Learn More About Your Painful Knee Condition Below
Patellar Tendonitis of the Knee?
Patellar tendinitis of the knee is an overuse injury of the tendon that straightens the knee. Symptoms include pain in the front of the knee. Typically the pain and tenderness is at the lower part of the kneecap, though the upper part may also be affected. Generally there is no pain when the person is at rest. Complications may include patellar tendon rupture.
Risk factors include being involved in athletics and being overweight. It is particularly common in athletes who are involved in jumping sports such as basketball and volleyball. The underlying mechanism involves small tears in the tendon connecting the kneecap with the shinbone. Diagnosis is generally based on symptoms and examination. Other conditions that can appear similar include infrapatellar bursitis, chondromalacia patella and patellofemoral syndrome.
Treatment often involves resting the knee and physical therapy. Evidence for treatments, including rest, however is poor. Recovery can take a year. It is relatively common with about 14% of athletes currently affected. Males are more commonly affected than females. People report anterior knee pain, often with an aching quality. The symptom onset is insidious. Rarely is a discrete injury described. Usually, the problem is below the kneecap but it may also be above.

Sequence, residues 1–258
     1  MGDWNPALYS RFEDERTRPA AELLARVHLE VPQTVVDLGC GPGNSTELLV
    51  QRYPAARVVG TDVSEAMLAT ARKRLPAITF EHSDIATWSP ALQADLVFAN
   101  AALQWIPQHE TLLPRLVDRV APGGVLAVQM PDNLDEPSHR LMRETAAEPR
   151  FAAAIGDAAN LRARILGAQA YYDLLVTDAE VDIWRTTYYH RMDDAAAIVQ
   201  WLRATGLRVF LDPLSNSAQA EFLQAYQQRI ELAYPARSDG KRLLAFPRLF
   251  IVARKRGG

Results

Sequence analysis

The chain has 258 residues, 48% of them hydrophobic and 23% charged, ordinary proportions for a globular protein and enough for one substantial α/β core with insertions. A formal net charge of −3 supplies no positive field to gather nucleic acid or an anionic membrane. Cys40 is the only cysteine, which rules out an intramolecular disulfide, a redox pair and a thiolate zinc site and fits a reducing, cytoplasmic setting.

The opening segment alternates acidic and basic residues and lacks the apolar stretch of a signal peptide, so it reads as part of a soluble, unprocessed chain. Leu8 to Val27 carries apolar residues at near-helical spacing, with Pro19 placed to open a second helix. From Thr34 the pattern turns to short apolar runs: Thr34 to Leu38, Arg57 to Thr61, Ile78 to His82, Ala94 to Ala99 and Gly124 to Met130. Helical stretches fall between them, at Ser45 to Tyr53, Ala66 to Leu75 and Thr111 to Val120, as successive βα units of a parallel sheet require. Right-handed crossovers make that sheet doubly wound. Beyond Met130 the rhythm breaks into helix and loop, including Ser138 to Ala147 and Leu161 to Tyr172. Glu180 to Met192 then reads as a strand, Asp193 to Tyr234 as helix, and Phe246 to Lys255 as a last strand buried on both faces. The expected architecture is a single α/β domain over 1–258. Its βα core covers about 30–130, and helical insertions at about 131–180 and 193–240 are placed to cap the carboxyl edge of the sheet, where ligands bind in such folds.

Stage 1 – Pain only after activity, without functional impairment
Stage 2 – Pain during and after activity, although the person is still able to perform satisfactorily in his or her sport
Stage 3 – Prolonged pain during and after activity, with increasing difficulty in performing at a satisfactory level
Stage 4 – Complete tendon tear requiring surgical repair
It begins as inflammation in the patellar tendon where it attaches to the patella and may progress by tearing or degenerating the tendon. People present with an ache over the patella tendon. Most people are between 10 and 16 years old. Magnetic resonance imaging can reveal edema (increased T2 signal intensity) in the proximal aspect of the patellar tendon.
It is an overuse injury from repetitive overloading of the extensor mechanism of the knee. The microtears exceed the body’s healing mechanism unless the activity is stopped.
Among the risk factors for patellar tendonitis are low ankle dorsiflexion, weak gluteal muscles, and muscle tightness, particularly in the calves, quadriceps muscle, and hamstrings.
It may be associated with stiff ankle movement and ankle sprains.
In the early stages rest, ice, compression, and elevation may be tried. Tentative evidence supports exercises involving eccentric muscle contractions of the quadriceps on a decline board. Specific exercises and stretches to strengthen the muscles and tendons may be recommended, eg. cycling or swimming. Use of custom fitted orthotic shoe inserts may also reduce the problems and pain. Corticosteroid injections and NSAIDs are generally recommended by medical professionals as well.
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